The ever-increasing pressures in our day-to-day lives mean more of us are seeking out remote, isolated places to relax and recharge and allow our children rich, rugged experiences that don’t involve technology. Ireland has plenty of these rural spots and there are few places as remote as the islands off the west coast of Donegal, where freedom is paramount.

I’ve just spent a week on a little island off the coast of Gweedore, in north-west Donegal, which is enjoying a renaissance due to its beauty and our need to get away from it all.

Gola Island (Oileán Gabhla) has been uninhabited since the late 1960s when the closure of the national school in 1966 signaled the beginning of the end for the island.

At its peak, in 1911, it was home to around 170 people who earned a decent living from fishing and farming. But by 1971, as the islanders became attracted to the economic opportunities and ease of life offered by the mainland less than two miles away, Gola had become completely deserted of permanent residents.

I’m proud to say that Gola is a place I’ve known and loved since before I could walk. My granddad kept sheep on the island so he, my mum, dad and usually a cousin or two, would make regular trips in on the boat from Bunbeg during the 1980s for jobs such as shearing and dipping as well as day trips for a picnic on a warm summer day. Many friends of ours got to know the island down through the years; the fantastic rocks that are as dramatic to look at as to climb, the huge table-like rock just up from the pier that we would all gather round for a bite to eat. The saying still goes that the island’s fresh air makes you work up a bigger appetite than anywhere else.

Over the past 15 years, since the island was connected to mains electricity and running water, it has gained popularity with middle-class city dwellers looking for something different. For so many of the people I meet, they visit for the peace and quiet, the proximity to nature and ever-changing landscape, and for those with families, the over-arching reason for choosing to spend time on Gola is the abundance of freedom it offers. School age children can walk to the one shop on the island, Teach Beag, in small packs as an adult watches from the door of their house, listening to their excited chatter as it echoes through the clean air.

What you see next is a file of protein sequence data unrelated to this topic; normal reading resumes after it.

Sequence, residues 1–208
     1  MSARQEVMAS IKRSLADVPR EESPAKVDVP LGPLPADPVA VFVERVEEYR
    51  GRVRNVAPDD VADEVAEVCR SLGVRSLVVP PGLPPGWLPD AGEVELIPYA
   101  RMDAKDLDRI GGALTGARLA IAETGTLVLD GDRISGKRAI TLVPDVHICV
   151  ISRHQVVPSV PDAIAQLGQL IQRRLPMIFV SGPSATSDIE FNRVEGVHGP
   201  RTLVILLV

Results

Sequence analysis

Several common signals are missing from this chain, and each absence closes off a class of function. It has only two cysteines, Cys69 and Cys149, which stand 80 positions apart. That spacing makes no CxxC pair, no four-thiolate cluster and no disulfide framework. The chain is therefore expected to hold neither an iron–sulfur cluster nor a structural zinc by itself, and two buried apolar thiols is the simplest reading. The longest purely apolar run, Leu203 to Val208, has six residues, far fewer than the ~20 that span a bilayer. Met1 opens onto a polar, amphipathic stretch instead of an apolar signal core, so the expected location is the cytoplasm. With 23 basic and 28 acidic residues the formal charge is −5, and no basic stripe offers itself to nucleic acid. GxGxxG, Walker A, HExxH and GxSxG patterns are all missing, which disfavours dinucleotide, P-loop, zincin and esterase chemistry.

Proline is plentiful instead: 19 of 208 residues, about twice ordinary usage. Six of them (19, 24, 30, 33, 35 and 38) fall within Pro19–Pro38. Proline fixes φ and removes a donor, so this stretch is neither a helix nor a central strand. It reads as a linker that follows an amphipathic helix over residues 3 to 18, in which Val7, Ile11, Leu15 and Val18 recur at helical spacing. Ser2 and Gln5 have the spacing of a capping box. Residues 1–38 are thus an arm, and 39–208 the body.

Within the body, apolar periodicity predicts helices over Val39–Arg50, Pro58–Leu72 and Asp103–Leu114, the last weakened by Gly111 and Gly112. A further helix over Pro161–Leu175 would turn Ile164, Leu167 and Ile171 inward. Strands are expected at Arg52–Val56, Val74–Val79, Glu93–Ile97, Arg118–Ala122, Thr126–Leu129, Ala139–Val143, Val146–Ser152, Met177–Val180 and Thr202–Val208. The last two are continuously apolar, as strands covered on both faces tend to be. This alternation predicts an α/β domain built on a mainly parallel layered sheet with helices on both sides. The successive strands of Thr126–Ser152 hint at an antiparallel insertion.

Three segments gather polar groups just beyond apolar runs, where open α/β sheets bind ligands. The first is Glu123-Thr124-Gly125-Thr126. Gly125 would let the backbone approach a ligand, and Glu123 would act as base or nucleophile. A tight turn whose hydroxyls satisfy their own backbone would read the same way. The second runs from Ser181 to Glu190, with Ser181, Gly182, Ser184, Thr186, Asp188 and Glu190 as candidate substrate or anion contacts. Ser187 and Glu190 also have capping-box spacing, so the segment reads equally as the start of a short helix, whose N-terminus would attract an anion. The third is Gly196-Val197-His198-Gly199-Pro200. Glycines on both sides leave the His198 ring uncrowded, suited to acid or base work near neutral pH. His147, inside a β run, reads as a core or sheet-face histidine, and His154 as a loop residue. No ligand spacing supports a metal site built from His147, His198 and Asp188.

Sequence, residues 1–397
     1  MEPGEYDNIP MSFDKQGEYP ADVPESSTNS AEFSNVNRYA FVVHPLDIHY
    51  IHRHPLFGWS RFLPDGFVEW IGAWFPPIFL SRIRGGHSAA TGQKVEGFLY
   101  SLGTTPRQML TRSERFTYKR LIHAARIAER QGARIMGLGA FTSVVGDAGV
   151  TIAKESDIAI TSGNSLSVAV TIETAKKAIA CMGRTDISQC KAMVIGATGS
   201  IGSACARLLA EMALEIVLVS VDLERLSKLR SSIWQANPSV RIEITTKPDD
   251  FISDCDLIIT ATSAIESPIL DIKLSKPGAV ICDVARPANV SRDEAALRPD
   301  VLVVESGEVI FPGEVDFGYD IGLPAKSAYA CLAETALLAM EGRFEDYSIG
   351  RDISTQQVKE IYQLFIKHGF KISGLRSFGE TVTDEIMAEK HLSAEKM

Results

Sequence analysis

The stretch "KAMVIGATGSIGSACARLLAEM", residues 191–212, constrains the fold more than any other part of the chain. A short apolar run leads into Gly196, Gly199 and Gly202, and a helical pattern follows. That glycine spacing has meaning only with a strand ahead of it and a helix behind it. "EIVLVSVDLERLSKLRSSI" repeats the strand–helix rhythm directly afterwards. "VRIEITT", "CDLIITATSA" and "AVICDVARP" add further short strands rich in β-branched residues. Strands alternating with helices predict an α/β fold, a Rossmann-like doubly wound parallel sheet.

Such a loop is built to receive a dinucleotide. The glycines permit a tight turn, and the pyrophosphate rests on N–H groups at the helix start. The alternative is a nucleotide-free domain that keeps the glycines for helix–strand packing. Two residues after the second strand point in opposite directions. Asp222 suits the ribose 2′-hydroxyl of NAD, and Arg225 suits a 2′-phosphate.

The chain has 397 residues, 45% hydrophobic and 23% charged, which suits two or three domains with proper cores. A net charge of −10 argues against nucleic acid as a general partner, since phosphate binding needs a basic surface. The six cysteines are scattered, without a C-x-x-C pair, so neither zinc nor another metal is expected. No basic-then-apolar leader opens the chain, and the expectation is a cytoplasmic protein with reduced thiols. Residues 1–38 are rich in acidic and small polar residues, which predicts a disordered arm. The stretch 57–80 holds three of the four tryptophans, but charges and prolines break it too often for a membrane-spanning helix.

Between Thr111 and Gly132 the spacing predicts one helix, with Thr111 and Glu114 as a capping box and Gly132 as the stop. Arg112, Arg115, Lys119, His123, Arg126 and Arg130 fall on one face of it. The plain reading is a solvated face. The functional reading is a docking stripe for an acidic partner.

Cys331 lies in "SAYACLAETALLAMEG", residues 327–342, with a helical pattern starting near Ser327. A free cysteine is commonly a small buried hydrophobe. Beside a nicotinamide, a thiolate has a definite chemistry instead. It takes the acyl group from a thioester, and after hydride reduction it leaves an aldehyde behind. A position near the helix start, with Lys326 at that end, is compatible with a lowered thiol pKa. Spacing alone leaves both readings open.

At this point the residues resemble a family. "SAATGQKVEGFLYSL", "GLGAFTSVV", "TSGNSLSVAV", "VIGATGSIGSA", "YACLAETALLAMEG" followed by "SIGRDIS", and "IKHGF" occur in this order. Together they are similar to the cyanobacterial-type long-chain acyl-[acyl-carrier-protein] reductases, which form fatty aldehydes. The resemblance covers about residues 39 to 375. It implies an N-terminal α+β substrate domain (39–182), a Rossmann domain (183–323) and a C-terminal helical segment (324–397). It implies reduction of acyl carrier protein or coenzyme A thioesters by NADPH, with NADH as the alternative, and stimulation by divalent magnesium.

They can roam through open fields as they make their way to the many beaches without the hassle of loading up a car or the risks of crossing busy, congested roads.

The irony in all of this is that many of the reasons for the island becoming largely deserted are now the very reasons bringing people back in their droves. These days, the island even offers a summer camp for young children, giving them the experience of pier jumping, sea foraging and kayaking for a fraction of the price of less inspiring summer camps available in big towns and cities. I may be biased but given the choice between spending a week meeting new friends and snorkeling in the Atlantic ocean or playing games in a cramped community centre, I know which option I’d go for.

During our recent week there, my daughter even had the experience of making new friends with a family staying just a stones throw away from us. Every morning, as we heard a knock at the door and I watched as Aéla skipped off down the lane, hand-in-hand with her new playmate, I imagined and felt a sense of nostalgia for all those children who grew up on Gola and forged friendships with neighbours, only to be forced to leave it all behind for the promise of an easier, more prosperous life elsewhere. It’s safe to say that few of those families who stripped their houses and loaded their possessions onto their boats for the last time all those decades ago would have envisaged the island ever having such a resurgence and being home to new beginnings once again. It’s both poignant and positive and personally, it’s lovely to be a part of it.